President Museveni hugs of the people who attended the youth entrepreneurial reality game grand finale. President said there won’t be salary increment for civil servants and urged those who want it to seek greener pastures.
There are demands by public servants, among others, judges, teachers and health workers for salary increment.
President Museveni has said his government has no plans for increasing salaries for workers and those who feel unsatisfied should seek alternatives elsewhere.
“Government’s focus is on boosting infrastructural development and not salary increases as demanded by various trade unions,” the President said during the grand finale of “Sawa ya Cash,” a youth entrepreneurial reality game show, on Friday.
Singling out the workers umbrella body, the National Organisation of Trade Unions (Notu), which recently gave ultimatum to the government to adopt a minimum wage, as “unfocused,” he added that, “whoever feels unsatisfied can try out employment in some organised places like Tanzania, where trade unions achieve most of what they champion for.”
“Wherever I go, people ask for roads, electricity, hospitals and schools; yet at the same time others are pushing for salary increases,” Mr Museveni said. “But as government, our focus is on infrastructures which will spur development in other sectors as it was done in countries like China.”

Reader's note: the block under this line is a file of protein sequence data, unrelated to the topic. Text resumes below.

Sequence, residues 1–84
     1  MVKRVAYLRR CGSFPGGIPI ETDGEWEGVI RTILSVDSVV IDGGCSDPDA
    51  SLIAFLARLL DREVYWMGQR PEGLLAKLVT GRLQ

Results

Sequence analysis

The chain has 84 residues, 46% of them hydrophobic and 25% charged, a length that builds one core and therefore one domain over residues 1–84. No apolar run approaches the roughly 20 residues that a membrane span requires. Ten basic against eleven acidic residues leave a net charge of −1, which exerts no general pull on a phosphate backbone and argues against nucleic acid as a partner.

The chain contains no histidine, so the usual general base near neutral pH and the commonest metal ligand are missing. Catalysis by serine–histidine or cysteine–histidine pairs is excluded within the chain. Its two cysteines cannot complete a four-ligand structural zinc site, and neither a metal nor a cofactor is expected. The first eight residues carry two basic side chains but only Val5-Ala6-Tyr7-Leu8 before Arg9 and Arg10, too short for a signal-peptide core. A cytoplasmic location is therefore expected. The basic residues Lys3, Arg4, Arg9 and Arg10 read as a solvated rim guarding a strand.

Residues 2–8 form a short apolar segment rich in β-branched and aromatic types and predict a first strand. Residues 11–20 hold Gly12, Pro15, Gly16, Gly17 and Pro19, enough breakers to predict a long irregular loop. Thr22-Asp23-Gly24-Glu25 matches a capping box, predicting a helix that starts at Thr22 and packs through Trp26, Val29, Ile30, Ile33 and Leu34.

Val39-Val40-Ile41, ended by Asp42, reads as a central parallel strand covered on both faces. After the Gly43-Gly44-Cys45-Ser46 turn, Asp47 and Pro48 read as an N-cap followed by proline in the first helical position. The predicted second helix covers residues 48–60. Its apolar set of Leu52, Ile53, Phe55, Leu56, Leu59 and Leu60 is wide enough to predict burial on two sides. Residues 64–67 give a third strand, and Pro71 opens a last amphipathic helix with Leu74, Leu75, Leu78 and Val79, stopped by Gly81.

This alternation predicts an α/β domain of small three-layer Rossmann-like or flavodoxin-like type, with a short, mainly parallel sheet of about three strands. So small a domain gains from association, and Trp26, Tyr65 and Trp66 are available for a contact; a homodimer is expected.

The President’s remarks come in the wake of an outcry by public servants, among others, judges, teachers and health workers, to have their salaries increased.
The teachers early this week under their umbrella union, the Uganda National Teachers’ Union (Unatu), said they remained unshaken by the President’s implied threat of mass dismissals, warning of strike action in 90 days if their salaries are not increased as promised.
Unatu chairperson Margaret Rwabushaija maintained that: “We negotiated with government and not the President. It was a government promise to increase teachers’ salaries in phases. We have given the government a 90-day notice and we have also petitioned Parliament.”
However, President Museveni, further stressed that his “government is committed to tackling crucial issues first and salaries will [if need be] addressed at an appropriate time”. He, also advised trade unions that “the best way to champion for a minimum wage is to create so many jobs in the country accompanied by many skilled workers; not in this status quo where jobs are few but workers are many”.
As a token of appreciation to what he called “focused groups/people,” the President donated Shs100 million to the youth entrepreneurship group, Inspire Africa, whom he said “were on the right cause in fighting youth unemployment through promoting innovations”.